For long, the NASSCOM has been reporting that about 80% of the graduates coming out of our colleges are unemployable. The recent report issued by NITI AAYOG, “INDIA 3 YEAR ACTION AGENDA, 2017-18 TO 2019-20”, mentions that out of an assessment of 1,50,000 engineering graduates, only 18% were found to be employable in the software sector. The statistics are somewhat similar in the field of commerce and humanities & arts.
We must take this issue very seriously and question it. The fact is that our education system is producing 80% unemployable workforce. This would imply that any competitive advantage that India and Indians love to boast about, “Demographic Dividend” does not exist, instead, it has the potential to become a “Demographic Disaster”. If we continue on this path, we will put tens of millions of educated people on the streets with no job, that will not be a pleasant situation.
Let’s trace the education of our unemployable graduate. We know that these kids have studied either in the CBSE, ICSE or the state education board, after which they enrolled in some college, following either the curriculum of the affiliated university or their own approved curriculum, in the case of being a UGC approved private university. These kids are unemployable even after 14 years of schooling and another 4 years of college. Something’s amiss. It’s the lives of tens of millions of our youth. It needs us to stand up and pay attention.
The curriculum of our school education boards have always focused on attainment of marks, on our ability to retain and reproduce information. The school curriculum does not focus on creating skills or creating knowledge, neither does it motivate our kids to focus on sports, or on their physical development, which is critical for their life long health issues. Our school system is geared towards exam preparation, either the school boards or the entrance exams. We have totally sacrificed on confidence building, innovation, creativity, handling and managing failure, managing conflict and chaos, ability to be different and survive and thrive. Although we all fail, we don’t accept failure, we classify it as the end of the world, and that’s why some kids commit suicide, when they fail, or can’t cope up. Is our School system failing us?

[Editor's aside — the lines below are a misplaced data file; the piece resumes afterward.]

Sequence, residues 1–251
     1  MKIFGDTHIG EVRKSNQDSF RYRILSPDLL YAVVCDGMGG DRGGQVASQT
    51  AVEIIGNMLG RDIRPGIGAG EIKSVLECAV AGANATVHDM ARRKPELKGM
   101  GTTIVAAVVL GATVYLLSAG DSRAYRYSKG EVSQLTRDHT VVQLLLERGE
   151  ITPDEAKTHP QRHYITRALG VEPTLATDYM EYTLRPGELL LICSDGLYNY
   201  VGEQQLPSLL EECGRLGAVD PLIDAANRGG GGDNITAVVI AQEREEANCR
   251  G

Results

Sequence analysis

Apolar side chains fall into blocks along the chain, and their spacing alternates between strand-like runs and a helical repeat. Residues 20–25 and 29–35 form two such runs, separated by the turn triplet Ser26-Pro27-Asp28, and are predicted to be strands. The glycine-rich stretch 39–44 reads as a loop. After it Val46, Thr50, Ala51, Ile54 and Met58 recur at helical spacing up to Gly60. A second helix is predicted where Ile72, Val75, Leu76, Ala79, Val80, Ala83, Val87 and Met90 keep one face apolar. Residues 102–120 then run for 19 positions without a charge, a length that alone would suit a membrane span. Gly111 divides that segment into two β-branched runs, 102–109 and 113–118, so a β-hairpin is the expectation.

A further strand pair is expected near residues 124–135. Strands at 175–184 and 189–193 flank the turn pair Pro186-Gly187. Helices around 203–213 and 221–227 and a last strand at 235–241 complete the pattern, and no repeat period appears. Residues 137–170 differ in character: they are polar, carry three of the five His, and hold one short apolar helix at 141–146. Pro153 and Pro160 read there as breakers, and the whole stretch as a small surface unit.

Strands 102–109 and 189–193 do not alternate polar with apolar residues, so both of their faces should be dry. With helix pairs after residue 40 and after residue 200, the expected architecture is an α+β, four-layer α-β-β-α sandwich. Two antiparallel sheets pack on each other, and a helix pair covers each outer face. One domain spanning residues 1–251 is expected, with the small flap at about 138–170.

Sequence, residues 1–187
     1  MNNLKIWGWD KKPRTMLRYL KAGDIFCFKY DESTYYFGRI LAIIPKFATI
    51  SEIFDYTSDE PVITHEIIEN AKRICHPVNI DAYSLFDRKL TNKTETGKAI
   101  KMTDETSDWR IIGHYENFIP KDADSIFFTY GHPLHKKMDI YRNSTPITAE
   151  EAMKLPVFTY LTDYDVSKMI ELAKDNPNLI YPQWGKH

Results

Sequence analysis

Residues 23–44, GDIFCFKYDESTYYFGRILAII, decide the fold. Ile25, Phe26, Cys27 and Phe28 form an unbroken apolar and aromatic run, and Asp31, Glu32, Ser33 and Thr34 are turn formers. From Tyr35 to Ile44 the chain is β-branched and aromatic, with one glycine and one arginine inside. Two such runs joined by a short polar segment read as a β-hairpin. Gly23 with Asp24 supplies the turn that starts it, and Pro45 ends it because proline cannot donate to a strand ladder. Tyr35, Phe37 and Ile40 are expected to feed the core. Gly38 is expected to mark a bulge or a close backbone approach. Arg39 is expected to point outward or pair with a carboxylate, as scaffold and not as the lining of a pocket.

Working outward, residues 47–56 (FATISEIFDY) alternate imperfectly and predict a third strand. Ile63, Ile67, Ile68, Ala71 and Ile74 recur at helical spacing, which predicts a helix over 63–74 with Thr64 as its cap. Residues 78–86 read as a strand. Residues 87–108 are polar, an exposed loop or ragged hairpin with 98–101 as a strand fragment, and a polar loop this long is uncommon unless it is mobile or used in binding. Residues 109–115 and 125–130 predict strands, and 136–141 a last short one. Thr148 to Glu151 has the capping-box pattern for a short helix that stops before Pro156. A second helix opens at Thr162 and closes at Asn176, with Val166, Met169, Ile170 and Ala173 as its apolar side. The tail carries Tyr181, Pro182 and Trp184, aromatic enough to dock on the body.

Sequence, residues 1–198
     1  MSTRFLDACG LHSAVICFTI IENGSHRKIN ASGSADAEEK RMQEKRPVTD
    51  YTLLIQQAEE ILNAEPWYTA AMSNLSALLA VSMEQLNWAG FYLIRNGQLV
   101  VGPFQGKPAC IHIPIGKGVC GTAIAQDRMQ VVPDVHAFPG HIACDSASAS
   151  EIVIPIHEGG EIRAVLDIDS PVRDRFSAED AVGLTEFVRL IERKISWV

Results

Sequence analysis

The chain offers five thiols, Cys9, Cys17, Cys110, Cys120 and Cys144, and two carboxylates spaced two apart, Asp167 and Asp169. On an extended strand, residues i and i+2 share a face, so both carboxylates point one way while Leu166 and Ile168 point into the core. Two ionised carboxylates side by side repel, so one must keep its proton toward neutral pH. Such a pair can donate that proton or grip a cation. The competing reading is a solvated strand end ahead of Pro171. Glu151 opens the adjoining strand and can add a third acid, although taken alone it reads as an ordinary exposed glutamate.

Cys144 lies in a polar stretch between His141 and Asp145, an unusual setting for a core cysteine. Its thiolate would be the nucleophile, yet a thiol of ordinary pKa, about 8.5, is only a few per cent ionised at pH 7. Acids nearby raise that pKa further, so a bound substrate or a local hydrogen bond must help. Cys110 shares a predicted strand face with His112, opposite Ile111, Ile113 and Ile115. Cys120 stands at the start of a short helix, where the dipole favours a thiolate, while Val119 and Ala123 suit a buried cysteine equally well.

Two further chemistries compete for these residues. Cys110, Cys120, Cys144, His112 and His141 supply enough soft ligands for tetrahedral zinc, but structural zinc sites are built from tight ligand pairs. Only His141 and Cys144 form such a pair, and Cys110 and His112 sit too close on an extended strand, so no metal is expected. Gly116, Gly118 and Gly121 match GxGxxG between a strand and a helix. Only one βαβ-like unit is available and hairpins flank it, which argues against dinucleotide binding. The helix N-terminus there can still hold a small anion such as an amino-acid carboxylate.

After school, we encourage our kids to enroll in a good college, (which is a rare commodity in India), for which they actually start preparing while in school. We all know that the students go through a very tough time preparing for these competitive exams. The question to ask is why do our colleges fail our students? Why do these colleges create 80% unemployable candidates? Again, it may point to the curriculum being taught in our colleges, which is archaic and outdated, not commensurate to the current demands of the market.
A number of students take on to the add on courses offered outside the colleges, by training institutes, to try to build some employable skills, in a short time. It’s an expensive approach with a slim chance of employment.
By this time, our unemployable youth is about 22 years, with nowhere to go and not much to look forward to.